I have given up watching debates and politicians. I do have a question though that I didn't hear asked. Apparently, if Britain votes to leave the EU there is a two-year period in which to decide the terms 'of the divorce'! If, however, we need longer than two years, the 27 member states can vote to give an extension to the negotiations. It has been suggested by a European official that it could actually take seven years. All 27 countries would have to agree to this extension.

Which for me begs the question... If an extension is not granted what does that mean? End of negotiation, divorce final?

The campaign has been quite brutal. I think it brought out the worst in a lot of people -- most especially some of the politicians. Whatever the outcome, I hope some wisdom prevails. The BBC thought their debate was wonderful. I didn't watch, but the clips I saw later did not look wonderful to me.

The most sensible people were those interviewed who were not there ...

So far I haven't heard anything about Trump's impending arrival -- I rather watch coverage of the referendum, thank you very much!

Anyway, God bless you, UK and the force be with you!

Tuesday, May 10, 2016

ABroad in Portugal: Exploring New Vistas

I loved this tiled courtyard in Ayamonte, Spain -- the down immediately across the border from Portugal. This was the first time we ventured outside of Portugal -- on a lovely sunny day. As there were no border controls it was just like going from one state to another in the U.S.  Except of course for the language difference and the fact that in Spain we were an hour ahead. Other than this courtyard and the harbour area, we did most of our exploring outside of Ayamonte in nearby seaside towns. There were lots and lots of very new, very impersonal apartment buildings aiming to tempt holidaymakers. All had similar faux Moorish facades, which left both The Man and me rather cold. An old seaside village, however, was very appealing as was the beach restaurant and the sound of the ocean in the distance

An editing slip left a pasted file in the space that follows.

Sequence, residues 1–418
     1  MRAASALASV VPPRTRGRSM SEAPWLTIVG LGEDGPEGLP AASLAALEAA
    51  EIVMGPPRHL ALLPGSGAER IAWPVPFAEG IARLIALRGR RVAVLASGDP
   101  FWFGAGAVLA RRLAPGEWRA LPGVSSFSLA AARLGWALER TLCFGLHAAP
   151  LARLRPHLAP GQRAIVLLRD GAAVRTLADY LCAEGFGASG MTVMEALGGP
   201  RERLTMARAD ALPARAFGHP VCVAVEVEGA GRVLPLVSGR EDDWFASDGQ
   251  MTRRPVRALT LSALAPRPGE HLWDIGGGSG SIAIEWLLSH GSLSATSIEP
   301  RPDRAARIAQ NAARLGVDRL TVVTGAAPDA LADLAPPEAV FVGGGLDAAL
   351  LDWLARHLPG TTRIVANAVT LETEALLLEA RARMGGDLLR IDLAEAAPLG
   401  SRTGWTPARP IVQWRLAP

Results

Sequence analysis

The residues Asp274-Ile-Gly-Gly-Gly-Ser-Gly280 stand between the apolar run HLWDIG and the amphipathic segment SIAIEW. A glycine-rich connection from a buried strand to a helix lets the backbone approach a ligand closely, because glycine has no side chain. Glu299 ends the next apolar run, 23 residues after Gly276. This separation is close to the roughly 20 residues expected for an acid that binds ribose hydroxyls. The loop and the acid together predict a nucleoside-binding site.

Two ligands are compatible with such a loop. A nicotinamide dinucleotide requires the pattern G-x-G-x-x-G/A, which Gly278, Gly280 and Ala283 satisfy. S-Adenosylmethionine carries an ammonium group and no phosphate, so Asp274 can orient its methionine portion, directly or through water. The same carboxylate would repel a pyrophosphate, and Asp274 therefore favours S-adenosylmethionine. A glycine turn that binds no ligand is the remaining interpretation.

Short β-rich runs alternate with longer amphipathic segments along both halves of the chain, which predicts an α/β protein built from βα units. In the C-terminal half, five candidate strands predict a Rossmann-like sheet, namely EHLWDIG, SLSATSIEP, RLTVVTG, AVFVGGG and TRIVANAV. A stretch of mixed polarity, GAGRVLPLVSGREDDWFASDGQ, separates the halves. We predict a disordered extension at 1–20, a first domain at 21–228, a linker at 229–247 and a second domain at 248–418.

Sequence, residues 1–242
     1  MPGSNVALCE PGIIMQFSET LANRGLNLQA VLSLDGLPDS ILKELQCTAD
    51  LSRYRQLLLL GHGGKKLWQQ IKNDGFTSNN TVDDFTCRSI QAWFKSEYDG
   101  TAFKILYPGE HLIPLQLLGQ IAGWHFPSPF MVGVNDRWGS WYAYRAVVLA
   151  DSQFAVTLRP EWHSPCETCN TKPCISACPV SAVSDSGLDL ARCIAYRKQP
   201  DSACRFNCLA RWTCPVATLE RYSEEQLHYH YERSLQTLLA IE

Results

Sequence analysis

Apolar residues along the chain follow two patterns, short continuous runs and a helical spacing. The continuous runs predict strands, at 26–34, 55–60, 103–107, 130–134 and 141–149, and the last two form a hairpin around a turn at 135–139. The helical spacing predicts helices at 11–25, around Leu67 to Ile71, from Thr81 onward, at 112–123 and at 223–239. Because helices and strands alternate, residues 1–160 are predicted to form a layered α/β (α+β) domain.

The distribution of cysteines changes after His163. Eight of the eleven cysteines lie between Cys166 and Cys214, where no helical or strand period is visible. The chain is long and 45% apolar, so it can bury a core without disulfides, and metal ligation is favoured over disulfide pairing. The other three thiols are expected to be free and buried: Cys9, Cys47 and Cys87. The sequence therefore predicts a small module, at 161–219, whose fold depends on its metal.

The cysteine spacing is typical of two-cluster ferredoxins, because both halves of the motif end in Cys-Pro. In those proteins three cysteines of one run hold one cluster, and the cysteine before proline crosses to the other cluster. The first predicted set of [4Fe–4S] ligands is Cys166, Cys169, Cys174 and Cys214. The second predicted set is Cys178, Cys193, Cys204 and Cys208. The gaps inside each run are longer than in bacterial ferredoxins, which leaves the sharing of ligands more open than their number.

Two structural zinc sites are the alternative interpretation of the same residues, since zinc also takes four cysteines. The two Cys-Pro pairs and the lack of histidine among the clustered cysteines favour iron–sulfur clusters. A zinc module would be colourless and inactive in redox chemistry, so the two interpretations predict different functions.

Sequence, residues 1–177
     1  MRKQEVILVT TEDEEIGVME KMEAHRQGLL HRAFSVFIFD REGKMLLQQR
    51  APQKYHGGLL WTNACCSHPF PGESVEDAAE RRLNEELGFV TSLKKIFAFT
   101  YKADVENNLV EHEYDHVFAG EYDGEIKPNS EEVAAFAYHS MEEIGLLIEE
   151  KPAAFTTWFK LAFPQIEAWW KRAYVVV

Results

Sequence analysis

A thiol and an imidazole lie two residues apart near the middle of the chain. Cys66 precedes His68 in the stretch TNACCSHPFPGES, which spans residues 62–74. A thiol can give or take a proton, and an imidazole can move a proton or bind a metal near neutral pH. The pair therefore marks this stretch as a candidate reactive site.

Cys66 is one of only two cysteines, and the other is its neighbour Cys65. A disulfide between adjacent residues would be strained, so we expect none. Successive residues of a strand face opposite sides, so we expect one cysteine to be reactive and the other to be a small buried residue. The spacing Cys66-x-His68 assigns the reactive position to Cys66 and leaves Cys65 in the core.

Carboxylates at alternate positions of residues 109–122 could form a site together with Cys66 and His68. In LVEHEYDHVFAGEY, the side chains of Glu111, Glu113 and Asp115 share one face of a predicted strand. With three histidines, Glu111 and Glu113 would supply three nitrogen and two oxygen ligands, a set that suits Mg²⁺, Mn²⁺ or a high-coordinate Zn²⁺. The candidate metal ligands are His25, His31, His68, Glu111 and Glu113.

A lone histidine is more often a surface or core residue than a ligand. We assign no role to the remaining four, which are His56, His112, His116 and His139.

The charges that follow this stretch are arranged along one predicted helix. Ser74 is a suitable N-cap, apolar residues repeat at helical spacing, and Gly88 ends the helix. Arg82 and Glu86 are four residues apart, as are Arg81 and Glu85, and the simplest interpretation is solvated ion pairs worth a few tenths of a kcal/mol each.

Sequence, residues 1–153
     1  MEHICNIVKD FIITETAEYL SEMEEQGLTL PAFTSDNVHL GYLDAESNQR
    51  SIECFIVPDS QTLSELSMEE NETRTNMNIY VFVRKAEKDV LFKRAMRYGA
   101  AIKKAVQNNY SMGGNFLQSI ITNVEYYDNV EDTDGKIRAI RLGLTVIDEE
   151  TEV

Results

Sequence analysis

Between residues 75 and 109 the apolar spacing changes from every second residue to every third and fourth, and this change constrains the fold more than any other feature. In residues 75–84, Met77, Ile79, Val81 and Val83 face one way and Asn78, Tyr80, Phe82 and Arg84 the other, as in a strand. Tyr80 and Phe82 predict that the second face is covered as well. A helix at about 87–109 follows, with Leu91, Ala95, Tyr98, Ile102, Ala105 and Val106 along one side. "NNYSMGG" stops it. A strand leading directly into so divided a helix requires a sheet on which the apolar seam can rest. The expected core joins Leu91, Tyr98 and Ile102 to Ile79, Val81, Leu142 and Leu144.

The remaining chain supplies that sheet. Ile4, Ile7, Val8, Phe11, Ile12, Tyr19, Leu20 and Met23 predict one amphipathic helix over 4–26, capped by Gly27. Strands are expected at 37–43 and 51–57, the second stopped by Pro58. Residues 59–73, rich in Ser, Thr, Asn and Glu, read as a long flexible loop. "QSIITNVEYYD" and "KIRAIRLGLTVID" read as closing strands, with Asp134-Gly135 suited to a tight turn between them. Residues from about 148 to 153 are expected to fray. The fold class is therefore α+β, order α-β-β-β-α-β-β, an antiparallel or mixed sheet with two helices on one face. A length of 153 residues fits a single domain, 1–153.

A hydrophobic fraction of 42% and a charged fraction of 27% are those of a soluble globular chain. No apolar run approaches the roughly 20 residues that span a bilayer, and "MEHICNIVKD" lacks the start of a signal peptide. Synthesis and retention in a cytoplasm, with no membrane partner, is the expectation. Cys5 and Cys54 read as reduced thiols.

The above picture on the left is of SanLucar Guadiana, Spain, and to the right, Alcoutim, Portugal. Friends of ours from The Man's RAF days had retired to this picturesque Spanish town and we were curious to see it from the Portuguese side of the river. Two weeks later we visited our friends and a very pleasant time we had. Much of the life is dependent on using transportation to and from the two villages and along one river bank or the other. Our friends make a great deal of use of their motorized dinghy, either visiting their plot of gardening  land or crossing over for a night of carousing with like-minded ex-pats. I was particularly impressed by one woman named Jack who lived on her own on a boat in the middle of the river. Her mode of transportation was a canoe in which she had paddled solo, in the dark, to the venue -- with her instruments -- At the end of the night, in the wee hours she paddled back several kilometers to her boat. It was a fabulous evening with lots of laughing, good food and wine! Even if I did rather make a meal of getting in and out of the dinghy on the way across the river to Alcoutim. Fortunately, we saw the owner of the lone river taxi, which we booked for midnight and I didn't have to finagle my way back into the rubber dinghy to get back!

The morning after our night of carousing, we met again with some of the ex-pats from the night before. The Man is seated lower left and is chatting to a woman who has recently trekked to base camp at Mount Everest.  Personally, I can't imagine it! 

You can just about make out the bridge across the river which separates Spain from the Algarve in Portugal. From a distance the bridge looks impressive enough. But, in fact, it is really quite ordinary -- if not to me a little less than ordinary. I was quite disappointed to discover one night that the bridge is not in any way lit -- but very dark and ghost-like to me. And the roadway on the bridge itself is very bumpy and rough. It made me think that perhaps there were maintenance issues between the two countries...